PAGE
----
Muni Distressed Debt Firm Rosemawr Sues Over Revel Energy Bonds

  • Rosemawr lost more than 70 percent on $35 million investment
  • Lehman's former head of muni dervivatives founded Rosemawr

An investment firm focusing on high-yield and distressed municipal bonds sued the developer of a power plant that serves Atlantic City’s shuttered Revel Casino for securities fraud.

Rosemawr Management LLC, a $1 billion fund started by Lehman Brothers Holdings Inc.’s former head of municipal-derivatives trading, alleged that ACR Energy Partners LLC concealed defaults and used almost all its assets to make improper dividend payments to its parent company. In March 2014, New York-based Rosemawr bought $35 million of bonds that financed the power plant at 92.25 cents on the dollar. The securities have since lost 70 percent of their value.

“Although it was public knowledge that the Revel facility was not performing as well as Revel had intended, there was no reason to believe that Revel was defaulting on its payment to ACR,” Rosemawr said in the Sept. 16 suit, filed in federal court in Camden, New Jersey. “As a direct result of the fraudulent concealment of material information, plaintiffs purchased the bonds at artificially inflated prices.”

Distressed Municipalities

Rosemawr was formed in 2008 by Greg Shlionsky, a former Lehman Brothers managing director. The firm, which bought bonds backed by revenue from Harrisburg, Pennsylvania’s parking garages and has lent money to an assisted living facility in Georgia and a storm drain project in the Detroit area, also includes former Lehman municipal derivatives trader James Lister.

Greg Usry, Citigroup Inc.’s former co-head of municipal credit and financial products and Julie Morrone, who formerly managed Morgan Stanley’s high yield muni funds, also work at Rosemawr, according to the firm’s website.

Revel, which opened at a cost of $2.4 billion in 2012, was an attempt to bring a bit of Las Vegas to the east coast by offering more shows, restaurants and shopping. The property suffered from poor design and competition from new casinos in other states. It went bankrupt twice before closing in September 2014.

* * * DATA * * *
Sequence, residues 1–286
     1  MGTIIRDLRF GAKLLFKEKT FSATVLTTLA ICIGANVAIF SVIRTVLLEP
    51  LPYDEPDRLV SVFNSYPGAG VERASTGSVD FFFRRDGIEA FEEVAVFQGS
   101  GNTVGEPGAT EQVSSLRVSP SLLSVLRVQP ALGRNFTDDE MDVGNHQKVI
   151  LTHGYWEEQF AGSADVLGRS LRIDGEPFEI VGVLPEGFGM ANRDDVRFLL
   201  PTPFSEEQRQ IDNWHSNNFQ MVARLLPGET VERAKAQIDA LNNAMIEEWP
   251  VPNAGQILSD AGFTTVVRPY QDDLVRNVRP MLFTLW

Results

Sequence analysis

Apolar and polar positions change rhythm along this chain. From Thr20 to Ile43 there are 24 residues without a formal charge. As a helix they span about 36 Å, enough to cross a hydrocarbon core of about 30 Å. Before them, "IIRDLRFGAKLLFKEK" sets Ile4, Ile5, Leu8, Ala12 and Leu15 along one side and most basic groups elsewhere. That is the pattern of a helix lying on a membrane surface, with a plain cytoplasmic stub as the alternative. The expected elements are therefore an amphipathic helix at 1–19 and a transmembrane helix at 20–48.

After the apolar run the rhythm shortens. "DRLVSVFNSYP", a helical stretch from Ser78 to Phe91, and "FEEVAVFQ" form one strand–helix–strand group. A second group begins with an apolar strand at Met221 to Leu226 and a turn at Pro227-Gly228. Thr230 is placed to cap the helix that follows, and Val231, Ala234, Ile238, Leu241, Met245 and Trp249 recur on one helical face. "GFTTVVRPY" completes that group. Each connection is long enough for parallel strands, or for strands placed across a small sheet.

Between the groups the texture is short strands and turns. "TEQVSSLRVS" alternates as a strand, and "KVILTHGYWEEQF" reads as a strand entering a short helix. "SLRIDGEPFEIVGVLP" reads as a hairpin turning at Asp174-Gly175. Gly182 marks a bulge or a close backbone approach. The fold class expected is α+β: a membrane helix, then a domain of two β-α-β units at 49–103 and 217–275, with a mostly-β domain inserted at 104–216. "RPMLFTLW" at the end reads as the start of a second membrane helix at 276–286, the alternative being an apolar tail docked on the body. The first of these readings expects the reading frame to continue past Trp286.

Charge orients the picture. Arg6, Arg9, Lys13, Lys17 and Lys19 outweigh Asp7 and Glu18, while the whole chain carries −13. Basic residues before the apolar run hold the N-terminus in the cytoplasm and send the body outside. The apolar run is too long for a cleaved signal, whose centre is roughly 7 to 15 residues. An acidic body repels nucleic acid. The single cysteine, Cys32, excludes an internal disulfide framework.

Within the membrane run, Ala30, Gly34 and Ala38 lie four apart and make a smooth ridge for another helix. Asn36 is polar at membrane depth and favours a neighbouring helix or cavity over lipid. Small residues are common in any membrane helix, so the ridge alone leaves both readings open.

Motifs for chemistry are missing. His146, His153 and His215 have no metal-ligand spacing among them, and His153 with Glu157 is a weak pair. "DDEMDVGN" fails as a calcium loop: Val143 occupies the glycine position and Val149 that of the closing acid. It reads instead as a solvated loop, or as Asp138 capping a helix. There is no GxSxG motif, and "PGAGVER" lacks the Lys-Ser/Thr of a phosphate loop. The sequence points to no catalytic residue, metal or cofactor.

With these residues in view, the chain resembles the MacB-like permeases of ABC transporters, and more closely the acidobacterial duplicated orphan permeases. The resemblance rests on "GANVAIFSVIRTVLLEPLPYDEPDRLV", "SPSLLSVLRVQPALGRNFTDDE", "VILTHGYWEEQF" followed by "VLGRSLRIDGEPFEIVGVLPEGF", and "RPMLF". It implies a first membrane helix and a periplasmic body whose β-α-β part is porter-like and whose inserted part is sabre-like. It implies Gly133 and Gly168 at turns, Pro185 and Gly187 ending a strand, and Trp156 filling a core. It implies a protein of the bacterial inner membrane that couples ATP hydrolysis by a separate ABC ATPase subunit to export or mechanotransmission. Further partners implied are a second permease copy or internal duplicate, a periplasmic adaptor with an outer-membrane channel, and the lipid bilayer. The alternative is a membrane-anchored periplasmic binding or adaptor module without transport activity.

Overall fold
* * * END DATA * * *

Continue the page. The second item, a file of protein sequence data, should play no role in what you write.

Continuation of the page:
New Jersey’s Economic Development Authority issued about $119 million of unrated tax-exempt and taxable municipal bonds in 2011 on behalf of ACR, which used the money to build a heating, cooling and electric plant for the Revel resort and casino.

Bond Covenants

Revel had a 20-year contract to buy power and other utility services from ACR, a joint venture between South Jersey Industries Inc. and DCO Energy LLC. Dan Lockwood, a spokesman for South Jersey Industries, didn’t immediately return a call seeking comment. Frank DiCola, chairman of Mays Landing, New Jersey-based DCO also didn’t return a message.

Two Rosemawr funds bought $35 million of the power plant bonds at 92.25 cents per $100 face amount in March 2014. ACR and its owners “flatly lied” about defaults under the bond covenants which, if disclosed, would have lowered the price of the securities, Rosemawr said.

ACR hid Revel’s failure to make required monthly payments under the energy service agreement and entered into a “special arrangement” with the casino to extend payment terms without bondholder permission, Rosemawr said. ACR also didn’t notify bondholders it failed to fully fund a required reserve account. 

The account “provided crucial protection of bondholders’ interests, because it provided a source of payments to bondholders until Revel became consistently profitable.”

Dividend Payments

Finally, ACR made $11 million in improper and fraudulent divided payments to its sole controlling member, an entity set up by South Jersey Industries and DCO, according to the suit. Under the bond documents, dividends were restricted if there was an event of default, Rosemawr said.

The $11 million payments “represented substantially” all of ACR’s liquid assets. ACR missed its June 15, 2014, debt service payment.

The offering statement for ACR’s bonds warned investors that the shuttering of the Revel resort or an ownership transfer meant bondholders couldn’t be assured energy produced by the plant was necessary or that new owners might get energy elsewhere.

Rosemawr said it believed financing wouldn’t be jeopardized because Revel would need power, regardless of who purchased the building or its long-term use.

“Had the plaintiffs known the information that was fraudulently concealed by the defendants prior to the purchase of the bonds, the plaintiffs would either have not purchased the bonds altogether, avoiding any losses, or would have purchased the bonds only at a dramatically lower price, thereby significantly reducing their losses,” Rosemawr’s complaint said.

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